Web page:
This view is supported by the earlier work of Hotchkiss et al. who reported on the autopsy findings of two patients with Duanes syndrome. In both cases the sixth cranial nerve nucleus was absent, as was the sixth nerve, and the lateral rectus muscle was innervated by the inferior division of the third or oculomotor cranial nerve. This misdirection of nerve fibres results in opposing muscles being innervated by the same nerve. Thus, on attempted abduction, stimulation of the lateral rectus via the oculomotor nerve will be accompanied by stimulation of the opposing medial rectus via the same nerve; a muscle which works to adduct the eye. Thus, co-contraction of the muscles takes place, limiting the amount of movement achievable and also resulting in retraction of the eye into the socket.


    The mechanical factors noted by Miller and Clark above are generally regarded as arising secondary to loss of innervation. During corrective surgery fibrous attachments have been found connecting the horizontal recti and the orbital walls and fibrosis of the lateral rectus has been confirmed by biopsy. This fibrosis can result in the lateral rectus being 'tight' and acting as a tether or leash. Co-contraction of the medial and lateral recti allows the globe to slip up or down under the tight lateral rectus producing the up and down shoots characteristic of the condition.

    Differential Diagnosis

    Disorders similar in presentation to Duane syndrome can be acquired as a result of trauma, or following localised infection of the orbit leading to inflammation and consequent mechanical restrictions of eye movement. In such cases a full case history will usually help in distinguishing between these conditions.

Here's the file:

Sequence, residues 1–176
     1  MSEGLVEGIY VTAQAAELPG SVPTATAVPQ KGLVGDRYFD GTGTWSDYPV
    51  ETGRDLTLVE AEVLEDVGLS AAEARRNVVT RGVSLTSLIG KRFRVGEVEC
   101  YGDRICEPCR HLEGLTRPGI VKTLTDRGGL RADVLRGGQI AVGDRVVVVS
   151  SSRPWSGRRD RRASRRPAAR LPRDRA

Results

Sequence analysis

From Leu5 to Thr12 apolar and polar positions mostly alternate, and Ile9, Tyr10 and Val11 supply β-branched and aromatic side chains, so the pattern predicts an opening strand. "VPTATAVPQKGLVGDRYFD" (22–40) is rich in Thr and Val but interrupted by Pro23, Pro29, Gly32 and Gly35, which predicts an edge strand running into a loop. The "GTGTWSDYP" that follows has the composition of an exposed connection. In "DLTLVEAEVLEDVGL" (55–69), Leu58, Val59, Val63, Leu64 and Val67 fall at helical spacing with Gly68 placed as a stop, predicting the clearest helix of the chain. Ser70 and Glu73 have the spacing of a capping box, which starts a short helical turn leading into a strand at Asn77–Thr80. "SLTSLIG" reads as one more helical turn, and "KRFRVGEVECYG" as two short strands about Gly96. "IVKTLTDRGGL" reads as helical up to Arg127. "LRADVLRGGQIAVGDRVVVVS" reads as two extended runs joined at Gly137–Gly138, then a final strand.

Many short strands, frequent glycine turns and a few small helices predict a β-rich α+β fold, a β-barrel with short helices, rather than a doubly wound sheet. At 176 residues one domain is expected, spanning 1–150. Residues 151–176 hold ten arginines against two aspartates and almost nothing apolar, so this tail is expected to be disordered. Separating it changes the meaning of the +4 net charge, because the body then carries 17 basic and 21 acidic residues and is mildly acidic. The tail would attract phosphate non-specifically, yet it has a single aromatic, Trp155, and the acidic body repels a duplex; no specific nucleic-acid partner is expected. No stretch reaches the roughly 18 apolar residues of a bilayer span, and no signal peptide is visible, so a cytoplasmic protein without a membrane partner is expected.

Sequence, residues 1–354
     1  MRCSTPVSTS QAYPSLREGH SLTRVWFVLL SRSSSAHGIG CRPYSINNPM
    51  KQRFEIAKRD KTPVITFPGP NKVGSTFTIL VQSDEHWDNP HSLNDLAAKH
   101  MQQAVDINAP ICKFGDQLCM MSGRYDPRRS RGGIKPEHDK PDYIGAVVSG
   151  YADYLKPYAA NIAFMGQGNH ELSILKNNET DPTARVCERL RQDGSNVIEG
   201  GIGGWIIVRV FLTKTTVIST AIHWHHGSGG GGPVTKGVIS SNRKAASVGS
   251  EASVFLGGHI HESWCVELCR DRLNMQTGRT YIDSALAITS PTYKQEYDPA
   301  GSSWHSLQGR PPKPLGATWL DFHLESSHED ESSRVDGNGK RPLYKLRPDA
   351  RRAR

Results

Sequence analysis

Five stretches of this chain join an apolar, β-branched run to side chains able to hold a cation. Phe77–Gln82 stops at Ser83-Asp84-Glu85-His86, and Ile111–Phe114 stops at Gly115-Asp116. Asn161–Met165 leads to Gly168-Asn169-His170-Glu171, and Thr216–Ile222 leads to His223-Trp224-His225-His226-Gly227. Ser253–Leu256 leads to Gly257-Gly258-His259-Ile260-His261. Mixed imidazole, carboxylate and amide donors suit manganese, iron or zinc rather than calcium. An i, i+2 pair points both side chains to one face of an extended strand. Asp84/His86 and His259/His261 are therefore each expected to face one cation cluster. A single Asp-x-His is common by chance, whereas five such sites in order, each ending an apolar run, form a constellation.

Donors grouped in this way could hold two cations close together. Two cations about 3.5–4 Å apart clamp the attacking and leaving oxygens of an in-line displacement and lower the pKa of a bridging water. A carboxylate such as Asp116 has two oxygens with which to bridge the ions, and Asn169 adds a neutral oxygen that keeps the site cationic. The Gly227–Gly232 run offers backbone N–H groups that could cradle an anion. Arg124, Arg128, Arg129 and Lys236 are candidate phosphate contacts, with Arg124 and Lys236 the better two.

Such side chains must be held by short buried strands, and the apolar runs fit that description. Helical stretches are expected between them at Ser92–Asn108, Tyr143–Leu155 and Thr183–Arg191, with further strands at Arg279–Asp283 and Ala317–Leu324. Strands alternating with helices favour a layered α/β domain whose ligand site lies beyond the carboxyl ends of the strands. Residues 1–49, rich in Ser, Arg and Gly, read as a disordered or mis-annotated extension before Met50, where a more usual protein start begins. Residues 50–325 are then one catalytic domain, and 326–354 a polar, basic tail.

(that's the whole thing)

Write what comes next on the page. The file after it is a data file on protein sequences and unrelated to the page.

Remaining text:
Treatment


    The majority of patients remain symptom free and able to maintain binocularity with only a slight face turn. Amblyopia is uncommon and, where present, rarely dense. This can be treated with occlusion, and any refractive error can also be corrected.

    Duane syndrome cannot be cured, as the "missing" cranial nerve cannot be replaced, and traditionally there has been no expectation that surgery will result in any increase in the range of eye movement. Surgical intervention, therefore, has only been recommended where the patient is unable to maintain binocularity, where they are experiencing symptoms, or where they are forced to adopt a cosmetically unsightly or uncomfortable head posture in order to maintain binocularity. The aims of surgery are to place the eye in a more central position and, thus, place the field of binocularity more centrally also, and to overcome or reduce the need for the adoption of an abnormal head posture. Occasionally surgery is not needed during childhood, but becomes appropriate later in life, as head position changes (presumably due to progressive muscle contracture).

    Ref - Wiki


    Credit to Dr. lakmalDJ and Dr. EM Mike for solving the challenge.
     

  5. dr.angela

    dr.angela Bronze Member

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    Duane's syndrome